A federal appeals court on Friday reinstated a whopping $675,000 file sharing verdict that a jury levied against a Boston college student for making 30 tracks of music available on a peer-to-peer network.
The decision by the 1st U.S. Circuit Court of Appeals reverses a federal judge who slashed the award as “unconstitutionally excessive.” U.S. District Judge Nancy Gertner of Boston reduced the verdict to $67,500, or $2,250 for each of the 30 tracks defendant Joel Tenenbaum unlawfully downloaded and shared on Kazaa, a popular file sharing peer-to-peer service. The Recording Industry Association of America and Tenenbaum both appealed in what has been the nation’s second RIAA file sharing case to ever reach a jury.
The Obama administration argued in support of the original award, and said the judge went too far when addressing the constitutionality of the Copyright Act’s damages provisions. The act allows damages of up to $150,000 a track.
The appeals court agreed with the government, and said the judge should have considered reducing the jury’s verdict under what is known as “remittitur.” That is a little-used power beholden to judges, and they assert it without a constitutional basis.
“The district court should first have considered the non-constitutional issue of remittitur, which may have obviated any constitutional due process issue and attendant issues,” the appeals court wrote Friday. “Had the court ordered remittitur of a particular amount, Sony would have then had a choice. It could have accepted the reduced award. Or, it could have rejected the remittitur, in which case a new trial would have ensued.”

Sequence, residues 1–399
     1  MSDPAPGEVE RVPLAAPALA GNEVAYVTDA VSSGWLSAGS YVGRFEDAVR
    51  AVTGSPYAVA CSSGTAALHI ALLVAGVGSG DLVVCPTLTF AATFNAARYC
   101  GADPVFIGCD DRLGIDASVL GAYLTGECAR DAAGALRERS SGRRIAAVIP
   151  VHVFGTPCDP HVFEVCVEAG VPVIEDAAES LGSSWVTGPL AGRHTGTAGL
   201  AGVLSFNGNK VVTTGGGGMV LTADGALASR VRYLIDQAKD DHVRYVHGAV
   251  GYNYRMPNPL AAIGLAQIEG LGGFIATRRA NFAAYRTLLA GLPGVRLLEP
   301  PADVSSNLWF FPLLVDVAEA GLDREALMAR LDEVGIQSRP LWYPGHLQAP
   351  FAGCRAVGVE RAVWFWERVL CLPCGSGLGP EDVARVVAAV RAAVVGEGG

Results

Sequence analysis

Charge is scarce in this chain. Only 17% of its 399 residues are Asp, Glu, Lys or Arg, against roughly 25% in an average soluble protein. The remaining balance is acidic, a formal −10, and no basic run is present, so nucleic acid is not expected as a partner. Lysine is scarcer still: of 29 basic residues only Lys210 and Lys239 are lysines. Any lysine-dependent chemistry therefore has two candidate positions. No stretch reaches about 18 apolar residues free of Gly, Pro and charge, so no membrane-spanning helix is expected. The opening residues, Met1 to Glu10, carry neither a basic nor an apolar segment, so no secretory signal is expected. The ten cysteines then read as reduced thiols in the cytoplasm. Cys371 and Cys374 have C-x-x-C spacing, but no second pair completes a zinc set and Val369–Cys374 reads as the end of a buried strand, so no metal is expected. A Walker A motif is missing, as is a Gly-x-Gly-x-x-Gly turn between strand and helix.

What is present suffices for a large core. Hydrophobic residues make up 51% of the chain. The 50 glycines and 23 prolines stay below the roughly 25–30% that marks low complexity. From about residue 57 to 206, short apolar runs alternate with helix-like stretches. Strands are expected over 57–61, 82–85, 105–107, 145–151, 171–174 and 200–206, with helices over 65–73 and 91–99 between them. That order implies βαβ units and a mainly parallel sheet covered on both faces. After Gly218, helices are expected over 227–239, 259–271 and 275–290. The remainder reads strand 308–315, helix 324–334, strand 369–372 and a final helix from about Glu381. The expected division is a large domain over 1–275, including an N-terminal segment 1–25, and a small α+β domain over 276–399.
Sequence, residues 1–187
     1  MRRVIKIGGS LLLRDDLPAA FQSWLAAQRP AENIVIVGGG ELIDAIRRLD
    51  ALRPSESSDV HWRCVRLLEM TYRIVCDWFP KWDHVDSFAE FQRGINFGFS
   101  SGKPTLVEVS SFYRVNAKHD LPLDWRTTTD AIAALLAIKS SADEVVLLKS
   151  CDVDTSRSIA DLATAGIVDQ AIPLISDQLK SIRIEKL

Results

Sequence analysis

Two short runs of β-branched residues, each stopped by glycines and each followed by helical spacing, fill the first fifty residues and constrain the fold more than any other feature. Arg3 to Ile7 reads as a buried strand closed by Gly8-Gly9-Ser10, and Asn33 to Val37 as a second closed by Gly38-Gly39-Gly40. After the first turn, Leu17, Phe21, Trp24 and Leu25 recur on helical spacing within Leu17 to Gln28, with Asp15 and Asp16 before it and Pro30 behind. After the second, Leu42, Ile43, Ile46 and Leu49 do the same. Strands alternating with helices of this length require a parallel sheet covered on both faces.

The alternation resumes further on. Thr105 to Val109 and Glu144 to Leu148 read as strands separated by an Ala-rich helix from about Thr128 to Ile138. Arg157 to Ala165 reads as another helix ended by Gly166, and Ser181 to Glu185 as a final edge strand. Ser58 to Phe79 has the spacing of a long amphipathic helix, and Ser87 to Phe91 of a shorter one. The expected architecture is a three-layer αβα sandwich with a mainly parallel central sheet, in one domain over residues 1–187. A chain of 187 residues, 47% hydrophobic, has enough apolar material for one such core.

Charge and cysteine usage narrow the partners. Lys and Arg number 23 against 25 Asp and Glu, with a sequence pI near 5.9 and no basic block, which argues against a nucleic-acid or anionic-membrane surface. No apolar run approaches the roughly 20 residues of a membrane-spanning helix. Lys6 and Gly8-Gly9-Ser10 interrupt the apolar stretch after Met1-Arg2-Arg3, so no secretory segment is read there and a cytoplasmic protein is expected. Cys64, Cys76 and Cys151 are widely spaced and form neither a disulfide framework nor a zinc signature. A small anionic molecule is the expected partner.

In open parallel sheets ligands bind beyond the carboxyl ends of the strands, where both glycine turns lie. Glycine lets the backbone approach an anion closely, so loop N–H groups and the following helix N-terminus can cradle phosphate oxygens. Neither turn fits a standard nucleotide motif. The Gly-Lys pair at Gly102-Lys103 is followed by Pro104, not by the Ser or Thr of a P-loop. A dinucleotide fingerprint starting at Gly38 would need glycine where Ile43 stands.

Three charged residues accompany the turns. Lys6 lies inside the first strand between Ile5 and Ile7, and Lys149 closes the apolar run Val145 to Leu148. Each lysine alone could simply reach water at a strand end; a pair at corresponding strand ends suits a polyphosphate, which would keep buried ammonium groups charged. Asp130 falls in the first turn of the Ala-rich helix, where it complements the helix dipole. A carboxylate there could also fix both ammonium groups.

If any of this seems familiar, the same thing happened in the nation’s first jury trial against a file sharer, Jammie Thomas-Rasset. That case has morphed into a Ground Hog Day of sorts for the same reason. After a third trial in that case, U.S. District Judge Michael Davis of Minnesota slashed an award from $1.5 million to $54,000 in a jury verdict for sharing 24 songs on Kazaa.
The jury’s award was “so severe and oppressive as to be wholly disproportionate to the offense and obviously unreasonable,” the judge wrote in July.
In either case, the RIAA maintains that judges do not have the power to reduce damages awards in Copyright Act cases at all.
Friday’s decision did not address the question of how the legal process would ever end if a judge repeatedly reduced the award on remittitur and the plaintiff refused to accept it. That would mean endless trials.
The RIAA had sued thousands of individuals for file sharing. Most defendants have settled out of court for a few thousand dollars.
Only two cases have gone to trial, and now in both, monstrous jury verdicts were reduced by the presiding judges for the same reasons.
The significance of Friday’s decision, however, appears to be minimal in the music-sharing context. The RIAA has abandoned its litigation campaign and instead is working with internet service providers to warn file sharers or kick them off the internet if they repeatedly engage in online copyright infringement.
But whether judges ultimately have the authority to reduce damages awards in Copyright Act cases, even those involving music tracks, is another unanswered story. The Supreme Court has never squarely answered that question.